Perhaps the most important question one could ask revolves not around the students, but around the teacher. Is a blended learning environment logistically feasible in an elementary school classroom? If it adds to the work of the classroom teacher, the person who must create it, keep it running, and instill in the students the desire to use it, then it will never get used. The classroom teacher had to spend approximately a half hour every week on troubleshooting student problems (such as lost passwords). This is a time commitment that might diminish slightly in the future. The weekly updates required approximately one hour a week once all original setting up is complete and the teacher familiarized with the process. Is this extra hour and a half a week acceptable to the teacher? Of course it depends upon the individual, but is it feasible? Yes, it is. For twelve weeks, one fifth-grade classroom was able to successfully integrate the online with the face-to-face.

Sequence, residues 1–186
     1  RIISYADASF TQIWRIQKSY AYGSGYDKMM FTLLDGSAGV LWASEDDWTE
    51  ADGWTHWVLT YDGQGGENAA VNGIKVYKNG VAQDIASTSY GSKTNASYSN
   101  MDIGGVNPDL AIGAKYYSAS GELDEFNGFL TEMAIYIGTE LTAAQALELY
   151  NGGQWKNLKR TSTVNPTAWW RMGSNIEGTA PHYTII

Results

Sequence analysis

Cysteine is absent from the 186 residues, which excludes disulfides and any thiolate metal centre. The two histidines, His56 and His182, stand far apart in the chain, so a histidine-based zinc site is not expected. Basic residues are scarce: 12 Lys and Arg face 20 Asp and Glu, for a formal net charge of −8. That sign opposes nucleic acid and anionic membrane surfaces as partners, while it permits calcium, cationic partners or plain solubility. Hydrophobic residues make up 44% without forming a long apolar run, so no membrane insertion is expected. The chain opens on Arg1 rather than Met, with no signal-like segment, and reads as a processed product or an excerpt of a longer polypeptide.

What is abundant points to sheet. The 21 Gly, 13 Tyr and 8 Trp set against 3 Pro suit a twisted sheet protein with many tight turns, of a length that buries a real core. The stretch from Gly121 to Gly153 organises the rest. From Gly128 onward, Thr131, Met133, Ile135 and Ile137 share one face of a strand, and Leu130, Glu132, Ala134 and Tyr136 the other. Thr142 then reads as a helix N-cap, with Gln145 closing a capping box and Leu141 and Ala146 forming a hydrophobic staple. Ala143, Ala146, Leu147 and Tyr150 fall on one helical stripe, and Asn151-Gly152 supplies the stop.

From the above discussion it can be seen that given the right circumstances online learning in the elementary school can be feasible, can be enjoyable, and can positively affect student thinking about their subject areas. Would it have been so feasible if the students did not have computers at home, or if the students were less computer experienced or were younger? This is the limitation of my experience; it speaks only of one group of students, in one grade, for one semester.
One question remains: does including an online component in the elementary classroom positively affect student-learning outcomes? My small experience did not endeavor to compare this class to another not using an online environment. A study of the effect upon student learning outcomes when a blended learning model is used in the elementary classroom is certainly a next step in determining if classroom online learning has a future place in elementary education.
Email:Lisa M. Abate